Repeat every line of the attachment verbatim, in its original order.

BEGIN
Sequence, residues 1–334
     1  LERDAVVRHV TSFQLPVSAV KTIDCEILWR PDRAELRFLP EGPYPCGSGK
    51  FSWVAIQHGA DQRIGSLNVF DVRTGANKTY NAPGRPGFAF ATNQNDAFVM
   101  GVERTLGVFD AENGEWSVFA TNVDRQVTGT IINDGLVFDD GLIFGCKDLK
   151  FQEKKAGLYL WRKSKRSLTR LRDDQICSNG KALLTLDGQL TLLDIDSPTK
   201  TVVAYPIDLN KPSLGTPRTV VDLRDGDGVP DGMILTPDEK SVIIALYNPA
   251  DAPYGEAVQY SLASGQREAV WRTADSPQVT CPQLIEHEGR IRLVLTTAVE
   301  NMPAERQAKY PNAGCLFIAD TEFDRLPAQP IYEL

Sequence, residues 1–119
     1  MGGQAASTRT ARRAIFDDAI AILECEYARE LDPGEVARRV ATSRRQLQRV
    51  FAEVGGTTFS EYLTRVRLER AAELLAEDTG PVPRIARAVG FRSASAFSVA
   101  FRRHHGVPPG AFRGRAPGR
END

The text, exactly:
Sequence, residues 1–334
     1  LERDAVVRHV TSFQLPVSAV KTIDCEILWR PDRAELRFLP EGPYPCGSGK
    51  FSWVAIQHGA DQRIGSLNVF DVRTGANKTY NAPGRPGFAF ATNQNDAFVM
   101  GVERTLGVFD AENGEWSVFA TNVDRQVTGT IINDGLVFDD GLIFGCKDLK
   151  FQEKKAGLYL WRKSKRSLTR LRDDQICSNG KALLTLDGQL TLLDIDSPTK
   201  TVVAYPIDLN KPSLGTPRTV VDLRDGDGVP DGMILTPDEK SVIIALYNPA
   251  DAPYGEAVQY SLASGQREAV WRTADSPQVT CPQLIEHEGR IRLVLTTAVE
   301  NMPAERQAKY PNAGCLFIAD TEFDRLPAQP IYEL

Sequence, residues 1–119
     1  MGGQAASTRT ARRAIFDDAI AILECEYARE LDPGEVARRV ATSRRQLQRV
    51  FAEVGGTTFS EYLTRVRLER AAELLAEDTG PVPRIARAVG FRSASAFSVA
   101  FRRHHGVPPG AFRGRAPGR